For ads that are building brand awareness, you want the audience to match your target client persona as closely as possible. Consider your general marketing strategy and image as well as the value of UX user research. Who are you trying to sell to? If you have a client persona built out already, use that to narrow your audience.
There is a risk of over-filtering, but it’s easier to correct for an audience that’s too small than one that’s too large.
By setting up your ads to target a specific group of people, you’re more likely to get your money’s worth instead of accidentally overspending on advertising to a broad, disinterested group of people.
📌 Note: Facebook’s Dynamic Ads do help sometimes when you want to reach as many as possible with ads on autopilot. However, it might be a more expensive solution and it still may not narrow down your ad targeting enough.
Drive Customers to Specific Actions, Not Your Website
This tip is fairly self-explanatory, but let’s take a little bit of a closer look anyway.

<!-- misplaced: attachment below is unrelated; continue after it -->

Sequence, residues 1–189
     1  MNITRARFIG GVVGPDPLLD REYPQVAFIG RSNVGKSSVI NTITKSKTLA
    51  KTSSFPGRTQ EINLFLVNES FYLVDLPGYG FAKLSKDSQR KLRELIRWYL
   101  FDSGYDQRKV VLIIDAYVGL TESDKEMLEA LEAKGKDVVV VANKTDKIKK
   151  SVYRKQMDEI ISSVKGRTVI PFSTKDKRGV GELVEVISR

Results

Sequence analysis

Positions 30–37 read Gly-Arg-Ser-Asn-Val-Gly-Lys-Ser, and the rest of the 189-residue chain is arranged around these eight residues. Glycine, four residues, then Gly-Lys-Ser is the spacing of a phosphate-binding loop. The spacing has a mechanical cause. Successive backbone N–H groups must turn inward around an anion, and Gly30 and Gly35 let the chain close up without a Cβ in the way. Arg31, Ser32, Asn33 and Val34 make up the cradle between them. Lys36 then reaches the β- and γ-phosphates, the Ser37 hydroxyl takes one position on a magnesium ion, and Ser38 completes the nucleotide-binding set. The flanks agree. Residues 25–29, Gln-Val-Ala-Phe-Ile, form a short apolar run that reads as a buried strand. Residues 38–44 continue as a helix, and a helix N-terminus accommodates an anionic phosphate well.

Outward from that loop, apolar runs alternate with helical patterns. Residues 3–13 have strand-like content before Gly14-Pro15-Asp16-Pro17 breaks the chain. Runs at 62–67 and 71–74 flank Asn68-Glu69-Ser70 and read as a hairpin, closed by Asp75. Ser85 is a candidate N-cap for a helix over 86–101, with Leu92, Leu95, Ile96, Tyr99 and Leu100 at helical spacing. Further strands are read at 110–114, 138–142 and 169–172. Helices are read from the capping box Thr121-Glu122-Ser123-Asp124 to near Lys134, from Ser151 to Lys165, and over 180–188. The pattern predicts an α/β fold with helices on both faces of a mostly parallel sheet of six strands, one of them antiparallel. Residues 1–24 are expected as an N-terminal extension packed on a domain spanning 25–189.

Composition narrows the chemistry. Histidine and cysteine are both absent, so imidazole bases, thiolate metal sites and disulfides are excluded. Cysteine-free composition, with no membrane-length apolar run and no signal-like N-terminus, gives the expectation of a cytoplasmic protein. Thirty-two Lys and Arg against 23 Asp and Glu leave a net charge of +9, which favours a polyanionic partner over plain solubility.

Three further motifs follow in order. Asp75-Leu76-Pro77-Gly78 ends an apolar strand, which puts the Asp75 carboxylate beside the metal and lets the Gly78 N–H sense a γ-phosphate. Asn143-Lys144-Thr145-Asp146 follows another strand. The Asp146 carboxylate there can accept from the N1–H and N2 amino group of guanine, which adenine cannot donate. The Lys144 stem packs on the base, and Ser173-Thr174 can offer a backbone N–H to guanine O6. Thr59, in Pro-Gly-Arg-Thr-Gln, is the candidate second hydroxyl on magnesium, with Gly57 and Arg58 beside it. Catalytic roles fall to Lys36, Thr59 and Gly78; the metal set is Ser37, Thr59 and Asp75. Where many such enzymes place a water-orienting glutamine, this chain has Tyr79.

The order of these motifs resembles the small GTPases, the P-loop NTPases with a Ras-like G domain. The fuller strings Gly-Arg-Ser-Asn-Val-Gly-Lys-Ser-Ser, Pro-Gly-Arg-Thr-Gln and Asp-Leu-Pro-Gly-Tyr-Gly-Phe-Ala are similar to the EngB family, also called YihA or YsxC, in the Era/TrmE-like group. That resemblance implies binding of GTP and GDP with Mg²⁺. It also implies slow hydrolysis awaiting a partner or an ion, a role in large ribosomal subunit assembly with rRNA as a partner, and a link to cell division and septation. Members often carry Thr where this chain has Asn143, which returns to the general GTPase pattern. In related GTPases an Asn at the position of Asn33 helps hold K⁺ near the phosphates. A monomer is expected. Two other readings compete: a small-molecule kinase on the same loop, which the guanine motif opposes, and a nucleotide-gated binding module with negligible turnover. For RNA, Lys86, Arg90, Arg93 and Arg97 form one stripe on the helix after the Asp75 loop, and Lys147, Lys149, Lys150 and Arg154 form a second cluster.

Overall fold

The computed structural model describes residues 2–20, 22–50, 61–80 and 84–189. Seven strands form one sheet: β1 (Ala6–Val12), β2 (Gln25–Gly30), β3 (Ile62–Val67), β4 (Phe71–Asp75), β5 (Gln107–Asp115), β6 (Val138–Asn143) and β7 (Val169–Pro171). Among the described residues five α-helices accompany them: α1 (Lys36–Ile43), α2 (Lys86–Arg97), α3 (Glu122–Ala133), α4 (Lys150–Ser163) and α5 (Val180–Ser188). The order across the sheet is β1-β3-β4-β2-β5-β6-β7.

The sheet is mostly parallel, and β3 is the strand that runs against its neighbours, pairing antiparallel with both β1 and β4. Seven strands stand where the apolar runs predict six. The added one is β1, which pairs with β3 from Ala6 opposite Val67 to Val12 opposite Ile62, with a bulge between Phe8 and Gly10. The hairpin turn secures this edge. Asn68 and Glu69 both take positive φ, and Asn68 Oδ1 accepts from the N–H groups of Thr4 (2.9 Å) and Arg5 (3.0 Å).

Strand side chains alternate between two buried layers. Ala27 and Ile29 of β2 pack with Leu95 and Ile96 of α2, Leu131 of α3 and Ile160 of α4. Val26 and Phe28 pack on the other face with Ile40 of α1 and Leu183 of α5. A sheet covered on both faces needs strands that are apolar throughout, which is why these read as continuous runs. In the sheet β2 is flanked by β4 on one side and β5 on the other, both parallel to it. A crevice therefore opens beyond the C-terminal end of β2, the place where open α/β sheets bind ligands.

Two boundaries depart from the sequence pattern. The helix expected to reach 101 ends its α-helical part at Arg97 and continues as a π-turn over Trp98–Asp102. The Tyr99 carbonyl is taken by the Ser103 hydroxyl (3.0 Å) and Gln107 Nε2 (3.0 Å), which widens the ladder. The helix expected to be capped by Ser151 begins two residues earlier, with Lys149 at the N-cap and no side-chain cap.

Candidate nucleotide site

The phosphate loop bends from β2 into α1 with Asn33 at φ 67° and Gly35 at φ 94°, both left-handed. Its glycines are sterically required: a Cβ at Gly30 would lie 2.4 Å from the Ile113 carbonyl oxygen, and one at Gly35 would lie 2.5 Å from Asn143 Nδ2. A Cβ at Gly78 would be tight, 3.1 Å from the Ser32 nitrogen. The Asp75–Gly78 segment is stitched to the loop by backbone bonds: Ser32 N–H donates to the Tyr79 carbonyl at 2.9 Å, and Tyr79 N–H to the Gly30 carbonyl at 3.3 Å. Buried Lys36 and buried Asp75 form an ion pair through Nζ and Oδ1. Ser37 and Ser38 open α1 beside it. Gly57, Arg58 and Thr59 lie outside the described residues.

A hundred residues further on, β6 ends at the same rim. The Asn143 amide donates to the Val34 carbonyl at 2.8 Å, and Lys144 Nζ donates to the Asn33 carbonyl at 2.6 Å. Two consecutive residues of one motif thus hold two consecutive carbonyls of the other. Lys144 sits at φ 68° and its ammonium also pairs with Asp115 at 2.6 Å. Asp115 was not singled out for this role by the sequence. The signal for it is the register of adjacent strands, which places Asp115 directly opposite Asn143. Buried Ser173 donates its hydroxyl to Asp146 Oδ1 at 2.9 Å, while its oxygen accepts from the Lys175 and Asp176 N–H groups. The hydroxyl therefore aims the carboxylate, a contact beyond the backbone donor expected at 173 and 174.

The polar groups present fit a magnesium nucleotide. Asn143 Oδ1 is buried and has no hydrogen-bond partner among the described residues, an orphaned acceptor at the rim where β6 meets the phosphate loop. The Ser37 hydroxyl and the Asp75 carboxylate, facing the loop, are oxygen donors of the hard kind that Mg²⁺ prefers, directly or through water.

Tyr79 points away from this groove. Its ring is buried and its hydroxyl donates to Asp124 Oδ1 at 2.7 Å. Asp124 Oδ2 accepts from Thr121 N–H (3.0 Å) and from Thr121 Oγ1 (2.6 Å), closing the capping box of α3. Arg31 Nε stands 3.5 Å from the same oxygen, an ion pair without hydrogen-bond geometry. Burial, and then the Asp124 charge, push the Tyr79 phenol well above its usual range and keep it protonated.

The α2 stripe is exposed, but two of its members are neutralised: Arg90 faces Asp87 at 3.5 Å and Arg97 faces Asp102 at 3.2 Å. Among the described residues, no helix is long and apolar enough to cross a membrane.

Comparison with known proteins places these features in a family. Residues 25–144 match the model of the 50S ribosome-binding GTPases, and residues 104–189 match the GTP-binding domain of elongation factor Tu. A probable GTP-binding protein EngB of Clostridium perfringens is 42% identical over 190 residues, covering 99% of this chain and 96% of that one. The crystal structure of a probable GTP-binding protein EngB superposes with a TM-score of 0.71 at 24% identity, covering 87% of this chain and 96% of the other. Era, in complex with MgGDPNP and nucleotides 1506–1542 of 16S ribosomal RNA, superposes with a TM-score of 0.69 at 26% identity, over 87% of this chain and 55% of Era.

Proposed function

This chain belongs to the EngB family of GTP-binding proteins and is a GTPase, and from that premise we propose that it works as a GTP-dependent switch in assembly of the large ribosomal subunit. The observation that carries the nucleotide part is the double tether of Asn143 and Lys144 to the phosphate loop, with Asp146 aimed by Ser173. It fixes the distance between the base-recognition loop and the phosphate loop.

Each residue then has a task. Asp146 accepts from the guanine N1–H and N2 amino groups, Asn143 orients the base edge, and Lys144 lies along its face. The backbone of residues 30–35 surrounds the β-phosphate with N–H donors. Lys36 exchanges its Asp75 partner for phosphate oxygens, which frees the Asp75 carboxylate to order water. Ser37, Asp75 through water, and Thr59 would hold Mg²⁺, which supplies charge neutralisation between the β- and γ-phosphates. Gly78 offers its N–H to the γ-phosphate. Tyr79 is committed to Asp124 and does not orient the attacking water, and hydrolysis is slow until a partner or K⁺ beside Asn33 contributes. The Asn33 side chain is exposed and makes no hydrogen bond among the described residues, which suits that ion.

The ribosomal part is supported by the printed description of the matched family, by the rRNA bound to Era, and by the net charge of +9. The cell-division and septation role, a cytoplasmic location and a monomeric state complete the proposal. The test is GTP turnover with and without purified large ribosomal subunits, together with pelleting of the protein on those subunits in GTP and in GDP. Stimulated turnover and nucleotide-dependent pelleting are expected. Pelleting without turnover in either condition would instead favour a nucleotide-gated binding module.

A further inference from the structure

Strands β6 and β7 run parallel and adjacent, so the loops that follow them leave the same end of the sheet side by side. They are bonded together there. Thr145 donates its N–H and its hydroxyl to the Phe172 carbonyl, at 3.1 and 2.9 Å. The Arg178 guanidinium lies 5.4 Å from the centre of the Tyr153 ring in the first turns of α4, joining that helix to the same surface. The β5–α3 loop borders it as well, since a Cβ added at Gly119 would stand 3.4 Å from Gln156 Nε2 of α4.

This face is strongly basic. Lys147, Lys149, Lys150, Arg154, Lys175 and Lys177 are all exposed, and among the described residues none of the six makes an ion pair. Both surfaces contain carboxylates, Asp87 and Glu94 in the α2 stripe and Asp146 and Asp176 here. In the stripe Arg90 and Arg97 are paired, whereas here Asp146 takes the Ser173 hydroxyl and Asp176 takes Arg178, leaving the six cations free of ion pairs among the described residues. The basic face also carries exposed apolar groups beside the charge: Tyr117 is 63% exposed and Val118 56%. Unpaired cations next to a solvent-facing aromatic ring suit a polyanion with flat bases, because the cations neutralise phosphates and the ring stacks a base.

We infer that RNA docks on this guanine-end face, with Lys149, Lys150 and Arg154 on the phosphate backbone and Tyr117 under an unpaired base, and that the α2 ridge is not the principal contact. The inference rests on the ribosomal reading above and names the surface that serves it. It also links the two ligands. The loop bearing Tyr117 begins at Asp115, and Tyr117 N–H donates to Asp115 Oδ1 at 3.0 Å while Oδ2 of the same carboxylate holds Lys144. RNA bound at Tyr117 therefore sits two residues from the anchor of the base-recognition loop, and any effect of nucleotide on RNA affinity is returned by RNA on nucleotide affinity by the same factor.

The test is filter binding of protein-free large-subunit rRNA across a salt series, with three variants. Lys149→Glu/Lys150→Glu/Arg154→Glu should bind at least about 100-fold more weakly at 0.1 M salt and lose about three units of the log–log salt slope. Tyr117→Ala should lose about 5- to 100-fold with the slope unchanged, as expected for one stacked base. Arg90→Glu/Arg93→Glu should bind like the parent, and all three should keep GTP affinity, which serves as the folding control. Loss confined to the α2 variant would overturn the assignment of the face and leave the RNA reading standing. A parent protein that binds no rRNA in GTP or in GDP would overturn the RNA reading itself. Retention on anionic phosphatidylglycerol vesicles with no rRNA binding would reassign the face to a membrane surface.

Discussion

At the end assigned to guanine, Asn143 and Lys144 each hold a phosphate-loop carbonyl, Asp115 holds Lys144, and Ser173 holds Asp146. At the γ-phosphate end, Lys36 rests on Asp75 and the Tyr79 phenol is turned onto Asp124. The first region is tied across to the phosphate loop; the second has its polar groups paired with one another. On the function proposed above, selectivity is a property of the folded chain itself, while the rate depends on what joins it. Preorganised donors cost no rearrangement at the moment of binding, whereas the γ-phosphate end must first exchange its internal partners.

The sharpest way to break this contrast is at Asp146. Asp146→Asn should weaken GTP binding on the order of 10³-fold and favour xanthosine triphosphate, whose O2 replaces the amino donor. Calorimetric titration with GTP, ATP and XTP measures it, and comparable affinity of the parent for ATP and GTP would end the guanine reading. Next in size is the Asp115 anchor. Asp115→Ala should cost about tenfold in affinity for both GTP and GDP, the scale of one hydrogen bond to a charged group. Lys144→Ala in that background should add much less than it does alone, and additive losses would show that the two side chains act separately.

All Facebook ads should contain a call to action (CTA). The best way to do a CTA is to lead someone directly to a specific action, not just link them to the homepage of your website.
Create dedicated landing pages for your ads, link to product pages where people can buy your products or link to direct download pages for free lead magnets or webinars.
CTA buttons on Facebook ads can display any text and lead people virtually anywhere, so why not use that to bring them exactly where they need to go to convert? Use direct CTAs like “book now”, “click to download”, or “shop now”.
Sending people to your website puts more steps between a person seeing your ad and converting. Using a direct CTA cuts out the middleman and allows for seamless conversions.
A/B Test Your Ads
A/B testing is a fancy way of saying you’re testing two different versions of the same ad and comparing them to see which one was most effective.